P. T. Barnum Never Did Say
"There's a Sucker Born Every Minute"
By R. J. Brown, Editor-in-Chief
P. T. Barnum is most often associated with the circus sideshow and the display of freaks. While this is
true, he is also the founding force behind one of America's most famous circuses: Barnum & Bailey Circus.
Barnum is also affiliated with the famous quote "There's a sucker born every minute." History, unfortunately,
has misdirected this quotation. Barnum never did say it. Actually, it was said by his competitor. Here's the
From 1866 until 1868 Mr. George Hull, of Binghamton, New York studied archeology and paleontology. Over
this period of time Hull contemplated how to pull off a
hoax. It seems that many an evangelist at the time had been preaching that there were giants in the earth.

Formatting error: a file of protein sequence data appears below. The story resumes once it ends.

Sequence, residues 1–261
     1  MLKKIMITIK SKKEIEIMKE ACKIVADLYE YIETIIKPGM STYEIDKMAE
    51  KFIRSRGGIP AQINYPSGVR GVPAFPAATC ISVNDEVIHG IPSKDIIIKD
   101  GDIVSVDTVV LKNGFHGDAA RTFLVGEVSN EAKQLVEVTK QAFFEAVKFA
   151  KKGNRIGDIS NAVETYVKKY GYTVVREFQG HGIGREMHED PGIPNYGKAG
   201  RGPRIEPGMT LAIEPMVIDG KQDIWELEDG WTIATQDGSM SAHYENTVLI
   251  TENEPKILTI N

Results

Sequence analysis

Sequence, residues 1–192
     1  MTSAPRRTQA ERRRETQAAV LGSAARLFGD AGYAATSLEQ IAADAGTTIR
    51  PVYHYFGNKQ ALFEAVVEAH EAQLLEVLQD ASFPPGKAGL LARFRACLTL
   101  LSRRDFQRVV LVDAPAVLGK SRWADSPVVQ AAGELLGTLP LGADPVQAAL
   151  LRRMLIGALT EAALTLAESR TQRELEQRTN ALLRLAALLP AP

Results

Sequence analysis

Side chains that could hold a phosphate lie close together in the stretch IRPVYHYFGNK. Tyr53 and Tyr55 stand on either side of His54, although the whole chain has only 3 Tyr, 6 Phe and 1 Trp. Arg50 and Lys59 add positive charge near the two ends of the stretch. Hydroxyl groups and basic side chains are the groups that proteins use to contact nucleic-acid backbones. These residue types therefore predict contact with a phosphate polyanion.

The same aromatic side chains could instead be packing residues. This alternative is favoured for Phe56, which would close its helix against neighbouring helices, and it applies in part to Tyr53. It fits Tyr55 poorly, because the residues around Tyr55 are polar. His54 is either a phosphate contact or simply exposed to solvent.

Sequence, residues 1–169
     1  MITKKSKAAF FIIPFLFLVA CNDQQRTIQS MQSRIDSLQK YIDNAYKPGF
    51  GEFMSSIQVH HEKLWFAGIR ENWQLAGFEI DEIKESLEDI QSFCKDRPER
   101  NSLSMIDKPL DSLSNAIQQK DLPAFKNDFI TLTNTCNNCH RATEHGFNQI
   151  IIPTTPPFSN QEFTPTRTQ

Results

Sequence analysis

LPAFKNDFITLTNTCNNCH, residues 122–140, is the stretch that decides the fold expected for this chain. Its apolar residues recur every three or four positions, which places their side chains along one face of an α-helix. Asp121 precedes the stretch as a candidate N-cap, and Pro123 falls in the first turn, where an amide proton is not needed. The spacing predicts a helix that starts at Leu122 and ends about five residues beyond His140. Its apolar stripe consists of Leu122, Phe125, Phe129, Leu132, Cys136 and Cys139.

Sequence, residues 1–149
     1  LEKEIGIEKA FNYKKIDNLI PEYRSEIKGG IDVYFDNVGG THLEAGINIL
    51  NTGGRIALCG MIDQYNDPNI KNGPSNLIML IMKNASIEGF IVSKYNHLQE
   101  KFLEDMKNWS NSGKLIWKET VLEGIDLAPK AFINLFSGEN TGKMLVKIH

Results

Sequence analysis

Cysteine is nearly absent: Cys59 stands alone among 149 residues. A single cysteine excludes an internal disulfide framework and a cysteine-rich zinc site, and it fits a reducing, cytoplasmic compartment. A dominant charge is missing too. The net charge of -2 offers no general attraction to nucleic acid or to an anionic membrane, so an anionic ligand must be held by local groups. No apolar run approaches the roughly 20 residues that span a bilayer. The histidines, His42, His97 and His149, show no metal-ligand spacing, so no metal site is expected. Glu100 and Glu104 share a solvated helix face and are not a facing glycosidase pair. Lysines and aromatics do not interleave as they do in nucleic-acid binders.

In June of 1868 Hull traveled back to Fort Dodge, Iowa where there was a gypsum quarry he had recalled seeing
two years earlier. Even then, he had noticed that the dark blue streaks running through the soft
lime rock resembled human veins. Realizing this its appearance was tailor-made for his hoax and it was easy
to carve, Hull hired a group of quarry workers to cut off a slab measuring twelve feet long, four feet wide
and two feet thick.
In November, Hull had his gypsum wrapped in canvas and hoisted onto a wagon. Since the nearest railroad was
forty miles away, it proved to be a long, difficult job. He then had the slab of gypsum shipped by rail to Chicago
where he had hired a stone cutter named Edward Burghardt to carve a giant. Burghardt and his two assistants,
were sworn to secrecy and agreed to work on the piece in a secluded barn during their off hours and Sundays.
The instructions were to carve the giant as if it had died in great pain, and the final result was an eerie
figure, slightly twisted in apparent agony, with his right hand clutching his stomach. All of the details
were there; toenails, fingernails, nostrils, sex organs and so forth. Even a needlepoint mallet was used to